This contrasts the ways capitalist countries (primarily the US) mismanage epidemics and the changes communism would make. Part 1 discussed the prevention of epidemics.
Part 2 – Pandemic Management Under Capitalism = Social Murder
As described in Part 1, capitalists operate to make profit off the backs of workers. Whether they pay low or high wages, they ultimately exploit their employees by paying them less than the value they produce. Corporate boards cut benefits, increase productivity, establish factories in low wage, non-union countries, and avoid taxes to increase their wealth. This leaves low wage and unemployed workers destitute and vulnerable to disease.
Furthermore, in the interests of short term gains, they don’t plan for future needs or stockpile emergency equipment. While no country would ever have sufficient beds lying around in case of a pandemic, capitalists don’t invest sufficiently in prevention, health care, or medical research that would decrease the death rate of contagious diseases. Over the last decade, the US Congress has stripped funds from the CDC that cut over 700 employees and from public health budgets, leaving state and local health departments unable to conduct contact tracing, deploy enough outreach workers to educate the public, or pay for protective body wear.
In the richest country, we have regular people sewing gowns and printing 3D masks for healthcare workers. We have nurses, Instacart shoppers, and Amazon warehouse workers striking for protective gear and hazard pay. In Taiwan, factories produced millions of masks per day; the US has already depleted its stockpile and recommends that people make their own. The US had actually contracted with a company that could make inexpensive ventilators, but when the medical device industry objected, the government cancelled the contract. Currently, major hospitals will run out of ventilators this month (April 2020). This neglect amounts to social murder.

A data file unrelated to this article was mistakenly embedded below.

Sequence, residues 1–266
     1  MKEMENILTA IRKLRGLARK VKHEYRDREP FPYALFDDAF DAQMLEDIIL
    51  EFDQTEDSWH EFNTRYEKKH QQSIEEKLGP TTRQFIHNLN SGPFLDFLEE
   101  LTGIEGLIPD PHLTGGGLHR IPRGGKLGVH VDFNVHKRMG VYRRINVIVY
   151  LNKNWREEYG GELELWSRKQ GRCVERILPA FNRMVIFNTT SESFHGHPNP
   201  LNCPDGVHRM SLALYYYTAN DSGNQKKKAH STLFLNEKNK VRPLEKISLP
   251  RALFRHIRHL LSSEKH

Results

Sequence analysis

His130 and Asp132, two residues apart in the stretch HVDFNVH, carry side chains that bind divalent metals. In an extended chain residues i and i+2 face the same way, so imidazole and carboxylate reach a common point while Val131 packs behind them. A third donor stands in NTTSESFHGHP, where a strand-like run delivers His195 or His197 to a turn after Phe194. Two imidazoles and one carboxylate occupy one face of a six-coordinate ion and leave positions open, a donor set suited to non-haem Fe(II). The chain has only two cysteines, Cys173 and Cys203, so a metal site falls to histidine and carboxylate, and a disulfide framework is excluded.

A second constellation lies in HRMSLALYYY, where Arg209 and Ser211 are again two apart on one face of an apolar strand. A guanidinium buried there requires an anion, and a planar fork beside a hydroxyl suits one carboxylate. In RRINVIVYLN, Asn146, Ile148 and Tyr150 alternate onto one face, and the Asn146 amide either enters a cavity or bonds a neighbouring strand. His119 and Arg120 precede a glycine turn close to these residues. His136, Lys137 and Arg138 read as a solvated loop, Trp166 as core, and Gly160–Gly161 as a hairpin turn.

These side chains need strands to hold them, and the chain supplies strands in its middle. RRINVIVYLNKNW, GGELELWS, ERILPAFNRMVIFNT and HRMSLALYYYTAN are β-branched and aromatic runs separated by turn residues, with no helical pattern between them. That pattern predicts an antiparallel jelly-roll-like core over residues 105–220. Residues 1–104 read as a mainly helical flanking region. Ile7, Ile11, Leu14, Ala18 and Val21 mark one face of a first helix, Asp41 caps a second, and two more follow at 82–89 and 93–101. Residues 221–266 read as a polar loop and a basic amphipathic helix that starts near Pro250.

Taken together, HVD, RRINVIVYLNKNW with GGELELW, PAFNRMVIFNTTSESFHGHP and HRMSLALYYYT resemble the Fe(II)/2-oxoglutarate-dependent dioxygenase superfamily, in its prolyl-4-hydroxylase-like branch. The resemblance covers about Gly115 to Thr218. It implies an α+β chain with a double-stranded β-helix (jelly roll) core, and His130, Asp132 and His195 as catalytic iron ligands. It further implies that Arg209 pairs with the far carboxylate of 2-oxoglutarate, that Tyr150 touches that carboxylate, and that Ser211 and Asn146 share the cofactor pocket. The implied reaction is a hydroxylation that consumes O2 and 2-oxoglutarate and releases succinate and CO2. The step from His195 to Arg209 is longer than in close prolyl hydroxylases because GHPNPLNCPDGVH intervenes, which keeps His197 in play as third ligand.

Here are some of the ways US capitalism sets up people for the kill.
Part 1 contrasts epidemic prevention under capitalism and communism
Part 2 will contrast management and control of epidemics (coming soon)
By Karyn Pomerantz, March 28, 2020
Like Hurricane Katrina, the coronavirus pandemic has stripped bare all the extreme inequities of capitalism. With millions at risk, it is the working class around the world, especially its poorest, black, and brown members, who suffer the most. As higher income people stay at home, low wage workers hold down jobs that endanger their health. Added to this are lifetimes without quality health care, education, food, and housing, and often the stress of racism and marginalization.
On March 27th, Black Agenda Report nailed it when it wrote:
“The United States is a global vector of suffering and death, through the policies of its corporate party tag-team. When deadly diseases are set in motion, the crime becomes mass murder-suicide.”
There is broad interest in the United States over policing and imprisonment as a racist attack directed primarily against black and Latin workers. The US leads the world in imprisonment with over two million people in prison and more under the control of the criminal “justice” system. Detention centers for immigrants add to the toll with approximately 50,000 people held in custody every day (AP, 2019) and thousands of children isolated in camps apart from their parents, a strategy to deter and terrorize immigrants fleeing even more terrifying situations in their home countries.